The Padilla Bay Shore Trail is an easy stroll with fabulous views of the Padilla Bay on one side and the picturesque Skagit Valley on the other. The trail follows along top of dike which was constructed where the Skagit River meets the Salish Sea. The path is flat and broad and easy for all skill levels, as well as suitable for wheelchairs and bikes.
I first visited the Padilla Bay Trail two years ago but didn’t have time to explore the entire thing. Yesterday, however, I finally walked the entire length of the 2.1-mile trail and back again for the very first time.
A Socially Distant Birthday Celebration
Our friend Greg turned 65 this week and we wanted to celebrate the occasion with him. Sadly, large gatherings are out due to COVID-19, so we decided to go for a walk instead. I selected the Padilla Bay Shore Trail for our hike because we wanted a wide path that made it easy to practice social distancing. The Padilla Bay Trail turned out to be a great choice as it provides plenty of room to spread out and to pass other trail users. It wasn’t terribly crowded when we visited on Thursday afternoon – we passed about 20-30 people over the course of 3 hours.
We began our adventure at the north trailhead because the north parking lot is bigger and more suitable for parking our RV. Daniel and I met Greg at the parking a lot along with our friends Devon and Casey. It’s the first time that we got to see our friends in person since we left the United States to travel around the world last fall. Boy was it good to see them!
Walking the Padilla Bay Shore Trail
From the parking lot we walked along the Bayview-Edison road until we reached the north trailhead for the Padilla Bay Shore Trail. The tide was out, and we could see far along the shoreline into the bay. It was a lovely sunny day and we were prepared with sunscreen, sun hats and water as there is not much in the way of shade along the trail.
As we walked, we admired the Padilla Bay estuary to our left and the Skagit Valley farmlands to our right. The Cascade Mountains were clearly visible in the distance as well. We saw ducks and rabbits and some interesting birds – apparently the trail is a favorite for birders given the rich wildlife here.
Our favorite landmark along the trail, however, was a picturesque old barn. According to the Washington Trails Association web site, the barn is “a remnant of one of the so called ‘stump farms’, land purchased cheaply after the area was logged in the early 1900s then converted to farming.” We took a lot of pictures here and thoroughly enjoyed the scenery.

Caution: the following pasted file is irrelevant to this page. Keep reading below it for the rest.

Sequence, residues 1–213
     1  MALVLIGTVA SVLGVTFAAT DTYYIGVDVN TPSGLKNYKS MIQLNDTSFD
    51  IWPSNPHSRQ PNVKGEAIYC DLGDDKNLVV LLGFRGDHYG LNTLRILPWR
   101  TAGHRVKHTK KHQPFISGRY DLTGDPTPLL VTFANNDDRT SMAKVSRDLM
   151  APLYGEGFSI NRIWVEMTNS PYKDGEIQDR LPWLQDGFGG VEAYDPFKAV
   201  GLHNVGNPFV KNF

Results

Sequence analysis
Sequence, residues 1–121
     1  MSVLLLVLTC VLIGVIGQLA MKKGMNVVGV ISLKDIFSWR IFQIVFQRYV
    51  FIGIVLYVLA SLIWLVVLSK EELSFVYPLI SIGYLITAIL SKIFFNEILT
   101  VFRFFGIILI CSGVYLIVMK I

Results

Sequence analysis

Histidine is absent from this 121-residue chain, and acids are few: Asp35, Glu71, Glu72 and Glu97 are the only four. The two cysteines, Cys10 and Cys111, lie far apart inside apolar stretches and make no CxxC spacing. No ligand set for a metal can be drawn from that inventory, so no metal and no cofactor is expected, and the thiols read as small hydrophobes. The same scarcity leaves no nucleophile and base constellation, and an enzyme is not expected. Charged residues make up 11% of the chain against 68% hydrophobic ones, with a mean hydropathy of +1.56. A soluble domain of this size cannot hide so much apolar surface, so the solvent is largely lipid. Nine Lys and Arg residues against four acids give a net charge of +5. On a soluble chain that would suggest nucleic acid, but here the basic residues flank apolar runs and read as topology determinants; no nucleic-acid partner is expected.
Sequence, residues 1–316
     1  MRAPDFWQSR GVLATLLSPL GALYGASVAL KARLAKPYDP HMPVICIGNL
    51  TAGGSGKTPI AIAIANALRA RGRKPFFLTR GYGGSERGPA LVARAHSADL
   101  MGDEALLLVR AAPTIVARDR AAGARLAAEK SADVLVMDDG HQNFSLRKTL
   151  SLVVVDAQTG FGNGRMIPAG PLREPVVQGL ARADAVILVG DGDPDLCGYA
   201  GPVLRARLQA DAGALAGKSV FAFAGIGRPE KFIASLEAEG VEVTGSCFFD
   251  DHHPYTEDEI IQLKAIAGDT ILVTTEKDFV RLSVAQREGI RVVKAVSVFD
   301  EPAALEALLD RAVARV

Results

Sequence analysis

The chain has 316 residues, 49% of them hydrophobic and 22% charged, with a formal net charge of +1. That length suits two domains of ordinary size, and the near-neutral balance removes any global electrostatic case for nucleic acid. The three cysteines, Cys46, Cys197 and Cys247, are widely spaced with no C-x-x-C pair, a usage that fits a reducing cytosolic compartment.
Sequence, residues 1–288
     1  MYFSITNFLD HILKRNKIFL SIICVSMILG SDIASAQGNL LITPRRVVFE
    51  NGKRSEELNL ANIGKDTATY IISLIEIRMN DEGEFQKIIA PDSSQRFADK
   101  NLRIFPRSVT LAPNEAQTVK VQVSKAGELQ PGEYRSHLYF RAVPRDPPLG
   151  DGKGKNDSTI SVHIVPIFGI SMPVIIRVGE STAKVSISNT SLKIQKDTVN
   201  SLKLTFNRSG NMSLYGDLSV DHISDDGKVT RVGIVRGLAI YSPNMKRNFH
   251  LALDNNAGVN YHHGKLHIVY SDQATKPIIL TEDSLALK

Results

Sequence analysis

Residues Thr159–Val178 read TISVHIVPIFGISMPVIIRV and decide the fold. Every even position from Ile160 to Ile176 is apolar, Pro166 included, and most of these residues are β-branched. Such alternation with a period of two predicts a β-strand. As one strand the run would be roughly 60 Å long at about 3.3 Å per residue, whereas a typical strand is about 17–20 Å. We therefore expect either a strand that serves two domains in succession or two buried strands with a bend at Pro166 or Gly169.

After reaching the south parking lot, we turned around and headed back. The tide had come in quite a bit as we walked, and it was fun to see the difference in the shoreline. It was still hot out when we reached the north parking lot around 5:00 pm and we congratulated ourselves on a job well done. This is by far the longest walk I’ve attempted since coming down with COVID-19 in March and it felt good to finally be making progress in my recovery.
Planning a Visit to the Padilla Bay Shore Trail
The Padilla Bay Shore Trail is located about 10 miles west of Burlington. Note that there are two trailheads – the south one being the more widely known of the two and the one which shows up on Google Maps. The south parking lot is fairly small, so if it is filled up or if you have a big rig then I recommend traveling to the north lot. The north parking lot is located in the tiny town of Bay View on Second Street and is clearly marked.
Outhouses are located at both the north and south trailheads. There are no parking passes or fees required for this trail. There is a gate preventing motorized vehicles from entering the north trailhead, however a separate entrance is provided for pedestrians and bikes. Most wheelchairs should be able to fit through the pedestrian entrance.
Bay View State Park and Padilla Bay Interpretive Center are both located within a few miles of the Trail and provide more opportunities for exploring the area. The charming town of La Conner is also located nearby, and is a great place to grab a bite to eat (some restaurants are open for dine-in eating).
Elevation Gain: 30 feet
Distance: 4.25 miles round trip
- Padilla Bay Trail – Washington Trails Association
- Padilla Bay Trail – AllTrails.com
- Padilla Bay Shore Trail – Skagit County Parks and Recreation
- Bay View State Park – Washington State Parks
- The Breazeale Interpretive Center at Padilla Bay – Washington State Department of Ecology